Ventricular tachycardia (VT) is diagnosed on the basis of at least three consecutive premature ventricular complexes on an electrocardiogram. Sustained VT lasts more than 30 seconds, and nonsustained VT lasts less than 30 seconds. The prevalence of nonsustained VT in elderly patients is reported to be between 2 and 16 percent, depending on the presence of pre-existing cardiac disease. VT is more common in patients who have left ventricular hypertrophy, an abnormal left ventricular ejection fraction or silent myocardial ischemia. Nonsustained VT is not associated with a higher risk of subsequent coronary events. Aronow recommends against treatment with antiarrhythmic medications in older asymptomatic patients with nonsustained VT but without cardiac disease. Patients with sustained VT, however, are at much greater risk of subsequent coronary events and sudden cardiac death.
The first principle of treatment is to determine the underlying cause of the VT, when possible, and treat that cause. Specifically, congestive heart failure, hypertension, left ventricular dysfunction or hypertrophy, hypoxia, digitalis toxicity and low serum levels of potassium and magnesium should be sought and treated. Myocardial ischemia should also be treated with beta blockers or coronary revascularization procedures when possible. Smoking and alcohol consumption should be avoided. Aspirin and beta blockers should be given to all elderly patients with a history of coronary artery disease unless there are specific contraindications to their use. Also, angiotensin-converting enzyme (ACE) inhibitors should be used in patients with low ejection fractions (40 percent or less), congestive heart failure or anterior myocardial infarction when not contraindicated. Finally, general measures should also include cholesterol lowering with statins in patients who have elevated low-density lipoprotein cholesterol levels.
No well-designed studies have shown that class I antiarrhythmic drugs can contribute to reduced rates of cardiac death or total mortality. In fact, many studies show a higher risk in patients treated with these medications, and the author recommends not using any of the class I antiarrhythmic agents (including quinidine, procainamide, encainide, flecainide, mexilitine and tocainide) in older patients with VT or complex ventricular arrhythmias. Calcium channel blockers have also shown no benefit in elderly patients with VT, and because of the risk of hemodynamic collapse when taken by patients with common forms of VT, they should not be used for this purpose.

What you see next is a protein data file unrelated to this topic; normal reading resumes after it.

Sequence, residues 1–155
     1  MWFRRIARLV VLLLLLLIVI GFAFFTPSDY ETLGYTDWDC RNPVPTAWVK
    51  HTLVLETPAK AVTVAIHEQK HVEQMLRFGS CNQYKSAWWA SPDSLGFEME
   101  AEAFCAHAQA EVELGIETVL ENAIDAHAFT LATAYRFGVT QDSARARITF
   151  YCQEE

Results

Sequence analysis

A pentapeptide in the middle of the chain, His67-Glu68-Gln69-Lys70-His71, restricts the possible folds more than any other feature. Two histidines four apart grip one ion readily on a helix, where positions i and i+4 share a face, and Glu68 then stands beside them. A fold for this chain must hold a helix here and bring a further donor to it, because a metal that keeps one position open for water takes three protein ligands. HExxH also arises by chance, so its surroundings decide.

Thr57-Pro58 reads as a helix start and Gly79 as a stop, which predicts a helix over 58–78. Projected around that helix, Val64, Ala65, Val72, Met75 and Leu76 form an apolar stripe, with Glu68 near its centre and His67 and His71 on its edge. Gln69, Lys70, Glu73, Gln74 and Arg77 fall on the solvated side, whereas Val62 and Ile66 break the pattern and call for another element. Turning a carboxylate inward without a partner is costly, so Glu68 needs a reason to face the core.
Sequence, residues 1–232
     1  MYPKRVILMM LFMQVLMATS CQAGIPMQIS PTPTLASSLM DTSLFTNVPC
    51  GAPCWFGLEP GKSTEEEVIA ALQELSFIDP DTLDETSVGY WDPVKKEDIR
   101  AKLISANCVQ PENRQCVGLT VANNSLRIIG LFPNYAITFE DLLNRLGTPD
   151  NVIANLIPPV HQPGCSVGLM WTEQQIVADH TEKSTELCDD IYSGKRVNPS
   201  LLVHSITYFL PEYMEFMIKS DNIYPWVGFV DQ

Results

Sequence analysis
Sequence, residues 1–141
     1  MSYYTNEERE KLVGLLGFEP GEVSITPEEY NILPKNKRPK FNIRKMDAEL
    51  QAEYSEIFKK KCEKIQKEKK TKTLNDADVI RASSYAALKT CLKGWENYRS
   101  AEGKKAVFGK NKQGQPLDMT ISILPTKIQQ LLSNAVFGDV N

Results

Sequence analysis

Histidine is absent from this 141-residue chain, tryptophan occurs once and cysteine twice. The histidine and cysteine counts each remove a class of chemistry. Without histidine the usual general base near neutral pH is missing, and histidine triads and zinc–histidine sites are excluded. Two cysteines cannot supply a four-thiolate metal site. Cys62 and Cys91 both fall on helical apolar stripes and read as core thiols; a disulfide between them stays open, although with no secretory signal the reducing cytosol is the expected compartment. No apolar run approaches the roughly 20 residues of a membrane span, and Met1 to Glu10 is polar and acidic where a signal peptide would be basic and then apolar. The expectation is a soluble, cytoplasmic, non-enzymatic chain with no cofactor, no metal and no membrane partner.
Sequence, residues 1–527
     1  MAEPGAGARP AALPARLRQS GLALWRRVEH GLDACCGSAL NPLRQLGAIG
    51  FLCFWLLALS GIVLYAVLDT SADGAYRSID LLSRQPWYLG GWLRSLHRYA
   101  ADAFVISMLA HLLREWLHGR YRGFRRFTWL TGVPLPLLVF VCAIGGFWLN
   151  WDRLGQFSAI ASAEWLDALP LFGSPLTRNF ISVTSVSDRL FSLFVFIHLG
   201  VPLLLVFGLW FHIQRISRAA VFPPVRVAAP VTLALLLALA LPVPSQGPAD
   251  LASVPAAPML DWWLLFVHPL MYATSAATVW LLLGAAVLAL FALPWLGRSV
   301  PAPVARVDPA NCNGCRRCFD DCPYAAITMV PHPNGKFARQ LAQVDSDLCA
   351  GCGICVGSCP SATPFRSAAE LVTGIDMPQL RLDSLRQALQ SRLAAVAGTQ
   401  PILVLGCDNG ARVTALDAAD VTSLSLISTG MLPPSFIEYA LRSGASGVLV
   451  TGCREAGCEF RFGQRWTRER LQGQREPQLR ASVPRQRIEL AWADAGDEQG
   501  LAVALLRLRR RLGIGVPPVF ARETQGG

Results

Beta blockers, in contrast, have been shown to significantly reduce mortality after myocardial infarction, because of a decrease in recurrent myocardial infarction and sudden cardiac death. One study showed a 52 percent reduction in sudden cardiac death in patients who were treated for one year with propranolol. ACE inhibitors have inconsistently been associated with a decrease in total mortality in older patients with congestive heart failure. If not contraindicated, these agents should be used to treat older patients with VT (or complex ventricular arrhythmias) and congestive heart failure, anterior myocardial infarction or myocardial infarction with systolic dysfunction. Beta blockers should also be used in this group of patients. Although class III antiarrhythmic agents can suppress ventricular arrhythmias, they are also associated with torsade de pointes.
One medication, d-Sotalol, is associated with higher mortality than that occurring in patients receiving placebo. In general, beta blockers should be used instead of d-Sotalol in the treatment of VT or complex ventricular arrhythmias in patients who have cardiac disease. Similarly, amiodarone suppresses these arrhythmias but has a high incidence of toxicity, and it may be advisable to avoid this medication in favor of beta blockers.
Finally, a patient with life-threatening recurrent VT or ventricular fibrillation unresponsive to antiarrhythmic medications should receive invasive treatment. A variety of interventions are available, but the most effective is the automatic implantable cardioverter-defibrillator (AICD). The American College of Cardiology/American Heart Association guidelines for use of an AICD are shown in the accompanying table